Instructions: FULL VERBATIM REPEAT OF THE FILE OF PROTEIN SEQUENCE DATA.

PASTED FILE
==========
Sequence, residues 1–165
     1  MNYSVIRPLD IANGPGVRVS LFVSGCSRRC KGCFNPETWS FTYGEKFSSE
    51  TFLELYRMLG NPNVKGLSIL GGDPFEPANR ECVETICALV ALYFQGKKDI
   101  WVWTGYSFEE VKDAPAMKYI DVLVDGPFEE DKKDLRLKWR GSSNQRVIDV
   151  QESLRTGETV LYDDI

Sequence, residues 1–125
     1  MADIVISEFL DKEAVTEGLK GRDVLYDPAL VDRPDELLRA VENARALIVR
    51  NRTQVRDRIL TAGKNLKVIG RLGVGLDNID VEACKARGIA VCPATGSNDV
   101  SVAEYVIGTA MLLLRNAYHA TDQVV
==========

Sequence, residues 1–165
     1  MNYSVIRPLD IANGPGVRVS LFVSGCSRRC KGCFNPETWS FTYGEKFSSE
    51  TFLELYRMLG NPNVKGLSIL GGDPFEPANR ECVETICALV ALYFQGKKDI
   101  WVWTGYSFEE VKDAPAMKYI DVLVDGPFEE DKKDLRLKWR GSSNQRVIDV
   151  QESLRTGETV LYDDI

Sequence, residues 1–125
     1  MADIVISEFL DKEAVTEGLK GRDVLYDPAL VDRPDELLRA VENARALIVR
    51  NRTQVRDRIL TAGKNLKVIG RLGVGLDNID VEACKARGIA VCPATGSNDV
   101  SVAEYVIGTA MLLLRNAYHA TDQVV